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Stock Market Analysis

Will Costco’s share price keep gaining in a second-wave?

Costco’s share price has surged 15.8% in the past three months, and 5.55% since the start of October (through 14 October’s close). 

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Driving these gains are customers spending more money on their homes during the pandemic, with Costco’s [COST] under-appreciated e-commerce business also seeing huge growth. Can Costco’s share price keep up this amazing run of form, or is there a drop ahead?

What’s happening with Costco’s share price?

Costco’s share price has surged as customers stock up during the pandemic. Over the past three months, net sales have been steadily increasing. September saw sales of $16.84bn, up 16.9% from August’s $13.56bn, which itself was better than the $13.04bn seen in July. September also saw strong same-store sales, gaining 15.5% as shoppers’ habits change to favour stocking up.

In Costco’s last set of quarterly results, sales for the three months up to 30 August came in at $52.28bn, up from $46.45bn last year. Earnings were also higher at $3.13 per diluted share, compared to the previous year’s $2.47 per diluted share. Analysts had been expecting $2.80 a share on sales of $52.1bn. 

E-commerce made up 6% of sales in the year just gone — a rapidly increasing area of consideration for those watching Costco’s share price. In the 16 weeks to 30 August, e-commerce sales had grown 90.6% compared to the same period last year. Same-store sales for Costco grew 11.4%, Costco’s biggest ever year-on-year jump.

Why Costco is seeing bumper growth

Costco’s business model allows customers to shop a limited range of goods for less at its warehouses. According to Statista, Costco has 98.5 million members, up from 76.4 million members in 2014.

With the recent surge in coronavirus cases, Costco’s share price could continue to climb as people stock up on essentials and look to reduce trips to the store. The bulk of the company’s revenue comes from food and sundries, which accounted for 42% of fiscal 2020 sales, but Costco’s diverse range of items has seen it benefit from a shift in consumer behaviour.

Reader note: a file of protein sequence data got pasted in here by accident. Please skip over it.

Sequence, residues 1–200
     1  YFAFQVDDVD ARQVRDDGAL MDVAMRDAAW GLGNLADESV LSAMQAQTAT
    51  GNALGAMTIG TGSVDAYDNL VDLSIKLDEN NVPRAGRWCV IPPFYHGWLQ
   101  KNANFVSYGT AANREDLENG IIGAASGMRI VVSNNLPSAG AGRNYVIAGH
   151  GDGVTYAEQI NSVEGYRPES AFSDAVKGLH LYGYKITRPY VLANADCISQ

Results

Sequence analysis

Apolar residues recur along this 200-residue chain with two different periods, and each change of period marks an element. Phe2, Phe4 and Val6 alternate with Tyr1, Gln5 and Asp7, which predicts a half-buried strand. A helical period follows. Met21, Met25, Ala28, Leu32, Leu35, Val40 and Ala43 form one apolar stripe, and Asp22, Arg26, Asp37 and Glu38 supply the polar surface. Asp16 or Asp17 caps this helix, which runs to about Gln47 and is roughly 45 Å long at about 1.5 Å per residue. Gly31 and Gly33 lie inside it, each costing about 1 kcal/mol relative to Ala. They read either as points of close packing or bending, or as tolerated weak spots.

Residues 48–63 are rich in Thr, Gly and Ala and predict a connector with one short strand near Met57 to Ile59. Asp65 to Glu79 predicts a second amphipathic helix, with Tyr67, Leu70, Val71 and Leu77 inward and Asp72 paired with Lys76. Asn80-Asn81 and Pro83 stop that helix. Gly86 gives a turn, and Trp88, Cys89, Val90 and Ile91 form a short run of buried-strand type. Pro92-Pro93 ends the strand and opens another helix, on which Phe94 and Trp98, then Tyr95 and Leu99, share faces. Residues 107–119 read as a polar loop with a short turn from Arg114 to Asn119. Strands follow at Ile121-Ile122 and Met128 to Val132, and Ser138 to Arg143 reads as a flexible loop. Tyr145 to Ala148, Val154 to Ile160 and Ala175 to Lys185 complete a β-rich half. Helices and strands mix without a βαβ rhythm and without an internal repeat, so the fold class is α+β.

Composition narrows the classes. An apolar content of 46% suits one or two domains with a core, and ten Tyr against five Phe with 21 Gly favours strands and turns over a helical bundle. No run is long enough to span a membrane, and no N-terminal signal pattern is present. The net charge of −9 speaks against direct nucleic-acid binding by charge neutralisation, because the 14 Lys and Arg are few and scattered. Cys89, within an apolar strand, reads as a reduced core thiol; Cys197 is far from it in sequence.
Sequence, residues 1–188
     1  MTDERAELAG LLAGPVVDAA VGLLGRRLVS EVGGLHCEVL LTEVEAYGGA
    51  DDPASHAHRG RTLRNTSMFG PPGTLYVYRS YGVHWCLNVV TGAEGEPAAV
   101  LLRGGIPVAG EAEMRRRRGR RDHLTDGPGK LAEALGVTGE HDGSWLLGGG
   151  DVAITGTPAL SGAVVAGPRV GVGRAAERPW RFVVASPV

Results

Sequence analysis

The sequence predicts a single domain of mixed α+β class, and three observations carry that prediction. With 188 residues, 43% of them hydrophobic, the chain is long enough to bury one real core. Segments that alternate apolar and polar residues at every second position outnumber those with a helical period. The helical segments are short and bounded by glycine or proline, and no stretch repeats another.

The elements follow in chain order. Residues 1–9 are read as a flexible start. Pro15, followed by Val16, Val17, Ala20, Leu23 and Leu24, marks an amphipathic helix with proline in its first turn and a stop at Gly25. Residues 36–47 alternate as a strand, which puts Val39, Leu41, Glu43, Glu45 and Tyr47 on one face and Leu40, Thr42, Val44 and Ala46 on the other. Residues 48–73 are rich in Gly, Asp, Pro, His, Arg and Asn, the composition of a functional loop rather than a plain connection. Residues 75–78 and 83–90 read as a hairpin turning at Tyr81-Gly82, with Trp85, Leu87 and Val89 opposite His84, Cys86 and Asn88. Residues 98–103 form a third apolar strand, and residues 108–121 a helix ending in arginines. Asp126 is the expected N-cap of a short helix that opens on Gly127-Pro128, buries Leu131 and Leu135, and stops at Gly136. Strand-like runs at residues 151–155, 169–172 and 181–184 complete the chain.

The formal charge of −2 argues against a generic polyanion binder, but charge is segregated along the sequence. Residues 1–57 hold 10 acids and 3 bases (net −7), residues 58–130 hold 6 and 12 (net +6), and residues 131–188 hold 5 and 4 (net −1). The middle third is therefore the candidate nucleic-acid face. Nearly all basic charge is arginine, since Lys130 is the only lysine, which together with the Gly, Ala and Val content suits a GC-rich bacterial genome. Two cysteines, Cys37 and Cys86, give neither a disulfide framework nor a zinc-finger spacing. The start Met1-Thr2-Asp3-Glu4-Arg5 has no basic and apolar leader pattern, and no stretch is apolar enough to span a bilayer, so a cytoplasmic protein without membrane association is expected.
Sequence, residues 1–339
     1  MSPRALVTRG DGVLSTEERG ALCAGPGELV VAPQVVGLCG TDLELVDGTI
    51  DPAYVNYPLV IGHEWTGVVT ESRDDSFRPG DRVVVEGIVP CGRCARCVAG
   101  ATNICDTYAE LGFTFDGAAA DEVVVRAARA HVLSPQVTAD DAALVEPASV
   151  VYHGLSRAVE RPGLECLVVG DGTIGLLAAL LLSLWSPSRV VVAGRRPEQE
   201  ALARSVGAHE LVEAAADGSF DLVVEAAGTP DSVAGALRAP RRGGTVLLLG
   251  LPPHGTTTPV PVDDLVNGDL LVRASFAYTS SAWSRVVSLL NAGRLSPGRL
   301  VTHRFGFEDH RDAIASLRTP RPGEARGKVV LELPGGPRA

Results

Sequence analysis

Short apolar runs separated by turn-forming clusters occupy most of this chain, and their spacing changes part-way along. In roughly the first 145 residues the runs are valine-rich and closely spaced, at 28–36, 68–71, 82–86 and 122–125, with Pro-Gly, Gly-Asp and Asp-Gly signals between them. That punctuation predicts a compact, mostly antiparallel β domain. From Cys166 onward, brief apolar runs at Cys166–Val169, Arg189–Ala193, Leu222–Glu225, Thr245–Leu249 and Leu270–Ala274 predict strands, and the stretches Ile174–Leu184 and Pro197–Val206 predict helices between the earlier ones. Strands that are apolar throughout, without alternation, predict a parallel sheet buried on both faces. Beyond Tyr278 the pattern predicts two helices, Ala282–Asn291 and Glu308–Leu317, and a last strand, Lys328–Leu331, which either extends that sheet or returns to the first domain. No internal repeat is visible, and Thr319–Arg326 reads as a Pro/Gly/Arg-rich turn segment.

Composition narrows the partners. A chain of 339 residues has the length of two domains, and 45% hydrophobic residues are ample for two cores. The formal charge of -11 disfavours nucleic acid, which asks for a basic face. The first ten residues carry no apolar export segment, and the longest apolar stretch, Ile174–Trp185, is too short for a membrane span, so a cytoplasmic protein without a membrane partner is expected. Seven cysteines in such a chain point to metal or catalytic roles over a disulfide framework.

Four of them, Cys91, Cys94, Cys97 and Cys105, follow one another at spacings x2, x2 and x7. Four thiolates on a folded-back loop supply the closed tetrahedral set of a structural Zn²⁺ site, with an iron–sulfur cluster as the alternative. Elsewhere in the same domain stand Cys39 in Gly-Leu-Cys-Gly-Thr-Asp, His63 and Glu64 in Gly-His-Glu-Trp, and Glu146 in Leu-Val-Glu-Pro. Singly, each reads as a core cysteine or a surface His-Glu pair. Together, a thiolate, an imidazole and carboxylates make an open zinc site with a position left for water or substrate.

“As people are spending less on travel, air and hotel and dining out, they seem to have redirected at least some of those dollars to categories like lawn and garden, furniture, mattresses, exercise equipment, bicycles, housewares, cookware, domestics and the like,” Costco CFO Richard Galanti said in a conference call on Thursday.

Of course, the recent surge could see a reversal if the pandemic starts to wane. However, Costco was growing before the coronavirus hit, up over 43% in 2019. The stock also carries a 0.74% forward dividend yield, although its 42.13X price to earnings multiple is expensive compared to rival Walmart’s 23.23X.

Where next for Costco’s share price?

The business’ recent strength, including its e-commerce business and growing margins, should push Costco’s share price up according to analysts at Barclays. The bank upped its Costco price target from $330 to $400, which would see a 5.73% upside, and put an Overweight rating on the stock.

Analysts tracking Costco’s share price on Yahoo Finance have an average $368.07 price target. Hitting this would see a 2.8% downside on the current share price (as of 14 October’s close). Of the 29 analysts offering recommendations on Yahoo Finance, seven rate the stock a Strong Buy and 11 a Buy.

Slightly more bearish are analysts at Raymond James, with a $355 price target on the stock. Hitting this would represent a 6.2% downside on Costco’s share price through 14 October’s close.

“Costco’s consistent revenue growth across merchandise categories reinforces our view that the membership model is arguably the most attractive business model in hardline retail today,” said Raymond James analysts.

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